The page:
Logo: University of Southern California

This is Not (Just) a Game

Viterbi School's pioneering CS program leads directly into internships and jobs
October 07, 2009 —

Professor Michael Zyda of the Computer Science Department believes that the CS undergraduate major specializing in computer game development has attracted students and provided them with a firm foundation in computer science principles, while helping the graduates to succeed in the game industry..

The CS games major in the Viterbi School's Department of Computer science has shown continuing growth while providing students with skills, experience, and contacts.

In September, Reflection, a Nintendo game created by USC game students, received commercial release.

In Fall 2009 31 students were admitted as Computer Science (Games) students. Game Development majors now number 105,  or 29 percent of computer science students.

A Computer Science (Games) Bachelor’s degree is designed to provide both solid grounding in computer science and cross-disciplinary background in game development. Professor Zyda believes that this educational emphasis strengthens the department's ability to conduct cutting edge computer science research for undergraduate students in addition to enabling graduates to be successful in the game industry.

Students participate in a full development pipeline similar to what they might experience in the industry. Final game projects are built by an interdisciplinary team including students in Interactive Media, Animation, Music, and Fine Arts working together in the GamePipe Laboratory.

Students now have the opportunity to exhibit their games to over 40 industry representatives, including such household names as Sony and Disney.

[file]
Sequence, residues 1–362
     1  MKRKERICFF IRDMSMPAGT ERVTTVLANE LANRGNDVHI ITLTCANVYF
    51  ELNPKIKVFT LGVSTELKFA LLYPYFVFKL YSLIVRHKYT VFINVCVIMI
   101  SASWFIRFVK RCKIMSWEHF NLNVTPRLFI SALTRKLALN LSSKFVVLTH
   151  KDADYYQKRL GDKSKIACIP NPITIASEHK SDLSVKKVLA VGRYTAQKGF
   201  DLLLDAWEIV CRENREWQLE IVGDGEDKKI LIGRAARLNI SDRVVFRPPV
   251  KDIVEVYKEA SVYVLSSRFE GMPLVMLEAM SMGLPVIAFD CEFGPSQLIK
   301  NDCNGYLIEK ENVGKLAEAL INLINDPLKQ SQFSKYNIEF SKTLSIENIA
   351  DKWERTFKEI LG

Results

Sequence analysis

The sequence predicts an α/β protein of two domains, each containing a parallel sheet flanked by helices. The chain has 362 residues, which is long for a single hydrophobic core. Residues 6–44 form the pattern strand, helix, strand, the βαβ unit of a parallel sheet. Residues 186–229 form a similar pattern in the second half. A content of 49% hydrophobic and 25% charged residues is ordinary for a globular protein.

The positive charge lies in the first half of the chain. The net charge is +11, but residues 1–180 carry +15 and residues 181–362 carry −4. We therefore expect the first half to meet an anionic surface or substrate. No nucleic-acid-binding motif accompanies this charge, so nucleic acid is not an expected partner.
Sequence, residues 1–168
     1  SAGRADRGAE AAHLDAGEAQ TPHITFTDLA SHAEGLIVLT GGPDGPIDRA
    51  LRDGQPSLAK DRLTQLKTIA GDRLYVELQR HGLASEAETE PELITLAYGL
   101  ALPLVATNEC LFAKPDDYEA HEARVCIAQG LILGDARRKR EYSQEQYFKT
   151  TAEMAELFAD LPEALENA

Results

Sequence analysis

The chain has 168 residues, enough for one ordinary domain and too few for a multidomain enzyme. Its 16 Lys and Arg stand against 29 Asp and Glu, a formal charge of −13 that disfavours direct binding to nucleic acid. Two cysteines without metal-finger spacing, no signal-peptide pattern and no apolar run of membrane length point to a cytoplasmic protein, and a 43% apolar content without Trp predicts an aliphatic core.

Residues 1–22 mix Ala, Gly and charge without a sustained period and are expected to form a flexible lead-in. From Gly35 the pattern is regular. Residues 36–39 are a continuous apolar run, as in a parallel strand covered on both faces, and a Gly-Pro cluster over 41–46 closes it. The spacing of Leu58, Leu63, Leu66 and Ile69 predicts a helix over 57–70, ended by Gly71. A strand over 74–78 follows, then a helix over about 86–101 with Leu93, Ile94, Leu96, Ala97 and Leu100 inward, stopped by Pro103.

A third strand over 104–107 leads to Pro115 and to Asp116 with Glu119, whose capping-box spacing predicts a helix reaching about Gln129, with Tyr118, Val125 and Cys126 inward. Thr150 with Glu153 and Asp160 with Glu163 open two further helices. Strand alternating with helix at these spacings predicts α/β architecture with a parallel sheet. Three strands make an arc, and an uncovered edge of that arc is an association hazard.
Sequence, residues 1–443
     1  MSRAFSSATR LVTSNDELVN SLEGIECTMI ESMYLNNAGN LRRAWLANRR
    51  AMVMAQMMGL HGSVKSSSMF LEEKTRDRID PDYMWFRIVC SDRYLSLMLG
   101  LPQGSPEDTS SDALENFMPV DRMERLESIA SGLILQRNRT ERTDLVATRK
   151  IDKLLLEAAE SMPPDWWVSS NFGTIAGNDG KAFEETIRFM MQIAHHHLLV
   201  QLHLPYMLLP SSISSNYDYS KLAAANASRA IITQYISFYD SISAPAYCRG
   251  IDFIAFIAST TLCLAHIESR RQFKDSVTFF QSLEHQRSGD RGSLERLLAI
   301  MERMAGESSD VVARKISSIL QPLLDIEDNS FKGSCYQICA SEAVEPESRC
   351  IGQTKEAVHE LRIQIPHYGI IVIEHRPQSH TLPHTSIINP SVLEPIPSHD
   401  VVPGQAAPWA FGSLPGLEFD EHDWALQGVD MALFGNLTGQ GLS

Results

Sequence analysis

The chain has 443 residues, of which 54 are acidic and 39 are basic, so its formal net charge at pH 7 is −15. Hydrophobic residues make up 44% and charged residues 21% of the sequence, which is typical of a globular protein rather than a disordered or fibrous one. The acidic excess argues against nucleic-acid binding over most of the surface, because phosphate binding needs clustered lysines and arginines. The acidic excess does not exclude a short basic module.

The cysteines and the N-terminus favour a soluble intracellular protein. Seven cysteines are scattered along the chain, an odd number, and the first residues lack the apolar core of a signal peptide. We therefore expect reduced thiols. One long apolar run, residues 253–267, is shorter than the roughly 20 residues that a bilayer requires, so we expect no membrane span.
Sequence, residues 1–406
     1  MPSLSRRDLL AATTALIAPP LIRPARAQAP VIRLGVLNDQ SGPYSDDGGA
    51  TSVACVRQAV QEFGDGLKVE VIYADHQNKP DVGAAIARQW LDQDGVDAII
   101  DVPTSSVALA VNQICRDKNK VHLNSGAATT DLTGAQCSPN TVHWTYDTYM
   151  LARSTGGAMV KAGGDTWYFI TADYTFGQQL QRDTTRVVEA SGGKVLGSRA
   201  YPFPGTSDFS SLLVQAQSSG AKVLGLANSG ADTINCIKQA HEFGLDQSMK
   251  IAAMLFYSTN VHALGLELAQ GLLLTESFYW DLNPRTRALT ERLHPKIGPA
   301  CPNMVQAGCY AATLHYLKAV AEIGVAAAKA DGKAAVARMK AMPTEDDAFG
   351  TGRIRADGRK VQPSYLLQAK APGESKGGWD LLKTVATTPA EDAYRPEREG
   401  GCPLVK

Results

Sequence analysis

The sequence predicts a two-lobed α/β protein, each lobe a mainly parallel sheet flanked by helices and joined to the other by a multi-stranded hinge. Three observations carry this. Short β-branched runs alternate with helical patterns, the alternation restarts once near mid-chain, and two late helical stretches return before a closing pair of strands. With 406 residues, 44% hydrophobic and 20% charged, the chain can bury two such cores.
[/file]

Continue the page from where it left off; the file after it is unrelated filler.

Zyda says that the program leads directly into internships and jobs. “Students know they should come here to fulfill their dreams.”

Success stories include that of USC’s relationship with Electronic Arts (a leading independent developer and publisher of video games) which has recruited from the Game Development program for the last four years. USC students now make up a third of the company’s total intern hire.

Zyda himself along with former PhD students was involved in creating the highly successful first person shooter game America’s Army which in successive iterations has been downloaded more than 46 million times, and had 9.7 million registered users as of February 2009.

Graduates of the program have also been involved in developing such popular games as Gears of War (5.8 million copies sold), World of Warcraft (more than 11 million subscribers), and Call of Duty (more than 13 million players).

In addition to engineering next-generation games and simulations, graduates of the USC Game Development program have proved innovative in the career and business models they adopt. Thirteen recent graduates have formed start-up company Happynin’ Games to develop iPhone applications with their first product to ship this January. Zyda describes the opportunities available to graduates of the USC Computer Science (Games) program as “more than a job--it’s a big future.”